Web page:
Russian Revolution | Videos: Consequences
Lenin's Secret Files
A report on secret documents found in a bomb-proof vault that reveal the truth behind the myth of Vladimir Ilich Ulyanov, or Lenin. The revolutionary man of ideas and action committed to the communist cause also emerges as a man tormented by ill-health and subject to violent mood swings, and someone who ordered mass executions knowing that he had only a short time left to influence the Russian Revolution.
Russian Revolution | Consequences: Summaries and revision
From Autocracy to Communism - Russia, 1894-1941 by
Call Number: VCE Recommended text book 2002 ed.
Publication Date: 2008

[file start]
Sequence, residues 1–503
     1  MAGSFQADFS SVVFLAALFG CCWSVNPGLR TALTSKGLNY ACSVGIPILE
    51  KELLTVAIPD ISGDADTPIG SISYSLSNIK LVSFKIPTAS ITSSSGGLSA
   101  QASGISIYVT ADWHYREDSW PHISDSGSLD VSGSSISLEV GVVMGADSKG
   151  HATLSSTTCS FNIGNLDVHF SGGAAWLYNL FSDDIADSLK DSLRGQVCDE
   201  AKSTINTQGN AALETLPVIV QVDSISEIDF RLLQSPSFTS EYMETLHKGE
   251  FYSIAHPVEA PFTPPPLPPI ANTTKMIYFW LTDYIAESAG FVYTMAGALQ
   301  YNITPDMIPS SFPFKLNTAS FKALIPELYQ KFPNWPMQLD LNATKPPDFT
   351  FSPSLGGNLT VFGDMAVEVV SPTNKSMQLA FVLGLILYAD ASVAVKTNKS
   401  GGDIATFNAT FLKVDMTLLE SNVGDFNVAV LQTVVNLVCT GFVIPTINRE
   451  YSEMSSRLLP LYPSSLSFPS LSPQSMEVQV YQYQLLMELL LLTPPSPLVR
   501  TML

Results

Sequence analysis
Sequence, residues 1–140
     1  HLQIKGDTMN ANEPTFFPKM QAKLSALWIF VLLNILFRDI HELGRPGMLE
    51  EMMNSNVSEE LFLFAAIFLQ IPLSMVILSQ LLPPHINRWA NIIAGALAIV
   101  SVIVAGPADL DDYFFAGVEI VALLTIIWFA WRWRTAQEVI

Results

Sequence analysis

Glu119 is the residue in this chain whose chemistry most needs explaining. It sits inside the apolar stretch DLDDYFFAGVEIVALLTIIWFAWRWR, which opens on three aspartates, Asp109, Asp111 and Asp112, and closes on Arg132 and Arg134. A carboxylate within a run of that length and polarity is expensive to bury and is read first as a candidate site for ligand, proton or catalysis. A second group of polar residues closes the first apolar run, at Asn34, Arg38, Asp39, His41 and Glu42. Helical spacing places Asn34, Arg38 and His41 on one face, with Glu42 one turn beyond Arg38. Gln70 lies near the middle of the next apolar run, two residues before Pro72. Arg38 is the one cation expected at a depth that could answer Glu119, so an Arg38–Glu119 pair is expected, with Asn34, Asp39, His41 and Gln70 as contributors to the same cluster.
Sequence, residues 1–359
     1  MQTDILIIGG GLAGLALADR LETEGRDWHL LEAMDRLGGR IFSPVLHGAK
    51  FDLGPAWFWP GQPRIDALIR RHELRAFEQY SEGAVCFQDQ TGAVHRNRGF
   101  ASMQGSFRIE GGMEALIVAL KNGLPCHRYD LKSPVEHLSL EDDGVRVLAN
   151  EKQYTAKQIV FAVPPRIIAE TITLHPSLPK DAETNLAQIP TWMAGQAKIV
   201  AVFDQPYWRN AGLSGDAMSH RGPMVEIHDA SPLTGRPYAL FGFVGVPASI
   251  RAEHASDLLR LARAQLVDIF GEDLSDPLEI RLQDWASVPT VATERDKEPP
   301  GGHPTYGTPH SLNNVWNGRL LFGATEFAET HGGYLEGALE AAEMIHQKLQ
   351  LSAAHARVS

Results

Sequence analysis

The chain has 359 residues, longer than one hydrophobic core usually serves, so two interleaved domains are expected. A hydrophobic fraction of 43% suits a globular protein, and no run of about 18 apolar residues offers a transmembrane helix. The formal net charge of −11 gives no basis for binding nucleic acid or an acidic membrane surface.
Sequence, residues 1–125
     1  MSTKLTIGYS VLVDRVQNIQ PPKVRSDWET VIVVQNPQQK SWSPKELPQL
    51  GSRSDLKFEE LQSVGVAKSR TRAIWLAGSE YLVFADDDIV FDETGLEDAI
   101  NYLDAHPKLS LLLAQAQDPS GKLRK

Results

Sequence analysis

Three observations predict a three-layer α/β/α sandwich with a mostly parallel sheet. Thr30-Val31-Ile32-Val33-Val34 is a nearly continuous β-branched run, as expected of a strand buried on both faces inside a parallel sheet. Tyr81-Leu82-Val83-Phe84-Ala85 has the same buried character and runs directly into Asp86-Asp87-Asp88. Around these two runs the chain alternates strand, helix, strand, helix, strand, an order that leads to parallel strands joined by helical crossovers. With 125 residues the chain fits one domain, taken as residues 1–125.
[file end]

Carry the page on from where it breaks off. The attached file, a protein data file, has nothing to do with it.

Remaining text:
The Access to History series is the most popular and trusted series for AS- and A-level history students. The new editions combine all the strengths of this well-loved series with a new design and features that allow all students access to the content and study skills needed to achieve examsuccess. This title draws on content from the bestselling titles Reaction and Revolution: Russia, 1894-1924 and Bolshevik and Stalinist Russia, 1918-56. It has been completely revised and updated to match the 2008 OCR AS specification and is now focused on the period from 1894 to 1941. It begins with thesituation in Russia under Tsar Nicholas II and then goes on to examine the causes and effects of the 1905 and 1917 revolutions, the Bolshevik struggle to gain power, and the eventual rise of Stalin. The political, economic, and social developments through this period and the effects of these are explored and analyzed throughout. Throughout the book key dates, terms, and issues are highlighted, and historical interpretations of key debates are outlined. Summary diagrams are included to consolidate knowledge and understanding of the period, and exam-style questions and tips written by an examiner for the OCR specification provide the opportunity to develop exam skills. VCAA recommended reading